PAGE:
Trusted Computing is anything but AND loses my business

Cory Doctorow, over at boingboing links to a potential scoop about Apple to add Trusted Computing to the new kernel from a slashdot posting and commentary that references (which I don’t see a story about on the main page).

Like, Cory – I’ve been an on-off Macintosh user for a long time (1985 for me, but Cory since 1979? you must have been 6 year old hacking on that Apple II!). If Apple Computer Inc. adds “trusted” computing, even in iTunes (wait, it’s not already in iTunes?), or in any other part of the OS, it would push me away from from the Macintosh as a computing platform I would use or recommend. I have been running GNU/Linux (but I usually just say “Linux” or in this case Ubuntu) on a PC/Intel machine now and it is pretty respectable and easy to use. I suspect many people are moving towards Linux-based systems and this would surely push them (or their companies) over the edge.

I would miss a few applications on the Mac, such as Salling Clicker, NetNewsWire and Quicksilver, but that’s a sacrifice I’d make to know that I can use my data whenever and in whatever application I like. I encourage these software developers to make their case known to Apple that choosing to enable a DRM system inside the OS (at the kernel level even) would impact the sales of their applications.

I also happen to work for a place that buys a huge number of Macs (let’s say 10,000 a year as a guess) and I would do my best to persuade them to stop purchasing all Apple equipment. I encourage anyone else with a dog in this fight to make a declaration about this too.

If I were the rabble-rousing, organizing type – I would recommend someone start an online petition to communicate mine (and your) opinions on trusted computing to Apple. Steve Jobs has managed to reinvograte Apple in the past few years, but I can think of nothing that would kill the Macintosh buzz and cachet quicker than locking owners out of their own data.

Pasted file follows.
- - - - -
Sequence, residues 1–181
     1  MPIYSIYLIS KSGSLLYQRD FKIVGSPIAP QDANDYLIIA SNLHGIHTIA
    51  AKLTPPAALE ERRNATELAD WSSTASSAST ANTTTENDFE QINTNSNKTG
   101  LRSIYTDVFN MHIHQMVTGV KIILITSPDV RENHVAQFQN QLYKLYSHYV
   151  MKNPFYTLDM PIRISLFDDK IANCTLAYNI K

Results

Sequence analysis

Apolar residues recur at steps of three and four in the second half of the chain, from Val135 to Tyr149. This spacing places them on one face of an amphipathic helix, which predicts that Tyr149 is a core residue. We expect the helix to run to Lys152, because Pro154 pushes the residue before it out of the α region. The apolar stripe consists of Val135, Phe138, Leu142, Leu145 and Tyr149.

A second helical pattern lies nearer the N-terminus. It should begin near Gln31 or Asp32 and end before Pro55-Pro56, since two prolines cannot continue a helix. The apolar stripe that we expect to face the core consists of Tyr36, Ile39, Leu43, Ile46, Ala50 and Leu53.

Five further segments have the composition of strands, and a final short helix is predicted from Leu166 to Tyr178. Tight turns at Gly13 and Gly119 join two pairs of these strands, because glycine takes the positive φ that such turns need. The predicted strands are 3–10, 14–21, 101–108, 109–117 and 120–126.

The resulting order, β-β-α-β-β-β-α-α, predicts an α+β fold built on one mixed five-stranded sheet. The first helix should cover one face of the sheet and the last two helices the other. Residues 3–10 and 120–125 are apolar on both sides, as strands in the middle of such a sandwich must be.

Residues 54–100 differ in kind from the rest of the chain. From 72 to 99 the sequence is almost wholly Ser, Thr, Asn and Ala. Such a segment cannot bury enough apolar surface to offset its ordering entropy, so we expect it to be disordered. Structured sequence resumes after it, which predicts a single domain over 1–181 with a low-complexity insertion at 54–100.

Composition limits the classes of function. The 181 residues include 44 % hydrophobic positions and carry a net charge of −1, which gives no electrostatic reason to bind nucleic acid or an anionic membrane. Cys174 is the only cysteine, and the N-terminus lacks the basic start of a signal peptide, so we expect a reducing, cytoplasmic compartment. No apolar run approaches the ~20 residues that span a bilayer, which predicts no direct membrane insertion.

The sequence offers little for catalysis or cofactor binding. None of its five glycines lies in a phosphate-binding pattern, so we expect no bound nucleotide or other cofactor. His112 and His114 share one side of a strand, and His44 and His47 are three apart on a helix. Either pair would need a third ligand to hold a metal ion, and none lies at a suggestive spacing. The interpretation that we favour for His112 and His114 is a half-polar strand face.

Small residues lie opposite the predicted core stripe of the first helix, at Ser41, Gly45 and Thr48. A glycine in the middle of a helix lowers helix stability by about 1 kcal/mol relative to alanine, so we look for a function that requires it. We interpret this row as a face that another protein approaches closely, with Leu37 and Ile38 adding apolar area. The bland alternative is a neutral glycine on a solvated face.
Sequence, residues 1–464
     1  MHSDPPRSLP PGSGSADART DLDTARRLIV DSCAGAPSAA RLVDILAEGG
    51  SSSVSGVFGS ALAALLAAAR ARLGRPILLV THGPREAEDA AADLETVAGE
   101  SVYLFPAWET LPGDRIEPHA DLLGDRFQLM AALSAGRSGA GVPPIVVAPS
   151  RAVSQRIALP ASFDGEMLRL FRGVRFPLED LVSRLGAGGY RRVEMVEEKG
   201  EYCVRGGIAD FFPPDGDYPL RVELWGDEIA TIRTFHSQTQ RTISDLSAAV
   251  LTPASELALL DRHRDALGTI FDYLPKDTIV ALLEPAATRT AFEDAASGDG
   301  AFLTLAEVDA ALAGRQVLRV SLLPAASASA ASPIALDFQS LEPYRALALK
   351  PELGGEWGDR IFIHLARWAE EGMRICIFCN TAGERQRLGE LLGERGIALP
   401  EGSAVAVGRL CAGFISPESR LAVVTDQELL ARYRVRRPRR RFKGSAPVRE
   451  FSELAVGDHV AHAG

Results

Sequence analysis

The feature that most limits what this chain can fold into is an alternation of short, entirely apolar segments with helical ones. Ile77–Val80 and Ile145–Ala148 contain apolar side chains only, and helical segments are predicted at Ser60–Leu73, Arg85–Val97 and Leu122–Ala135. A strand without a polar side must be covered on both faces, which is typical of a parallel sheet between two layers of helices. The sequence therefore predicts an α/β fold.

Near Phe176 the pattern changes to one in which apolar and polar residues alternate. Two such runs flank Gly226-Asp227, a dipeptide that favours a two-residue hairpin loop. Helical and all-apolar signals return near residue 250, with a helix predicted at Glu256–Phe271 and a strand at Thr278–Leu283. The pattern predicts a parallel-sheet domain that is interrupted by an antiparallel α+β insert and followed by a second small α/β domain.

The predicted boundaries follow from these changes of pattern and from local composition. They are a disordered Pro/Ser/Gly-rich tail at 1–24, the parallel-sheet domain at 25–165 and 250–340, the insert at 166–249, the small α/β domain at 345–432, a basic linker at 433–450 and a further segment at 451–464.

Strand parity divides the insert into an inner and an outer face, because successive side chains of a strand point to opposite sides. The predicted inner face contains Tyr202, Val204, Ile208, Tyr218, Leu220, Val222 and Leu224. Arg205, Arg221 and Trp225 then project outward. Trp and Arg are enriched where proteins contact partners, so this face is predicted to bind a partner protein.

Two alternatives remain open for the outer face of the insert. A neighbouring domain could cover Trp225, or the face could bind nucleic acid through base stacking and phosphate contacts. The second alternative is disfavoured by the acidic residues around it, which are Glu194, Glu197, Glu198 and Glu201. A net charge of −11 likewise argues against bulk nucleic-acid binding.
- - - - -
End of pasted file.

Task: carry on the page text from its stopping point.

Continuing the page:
Update: It looks like myself and others didn’t have the whole story (but who does?) in that there do not seem to be any current plans to enable this technology into the core of the Mac OS. Some have mentioned that it could be used to ensure that the intel-flavored OS will only run on Apple hardware. As an Apple Computer, Inc. shareholder I can understand this, as a Macintosh user I do not want this as an extra thing to have to worry about when using the system, as a OS X developer I do not want this as an extra set of functions or libraries to have to work with or be concerned in conflicting with.

I do have to ask myself, is there any situation or clever use of “Trusted” Computing or DRM that is actually useful for a user? One comes to mind – version control – but there are a number of non-restrictive ways to solve that problem as we know. Let’s discuss it.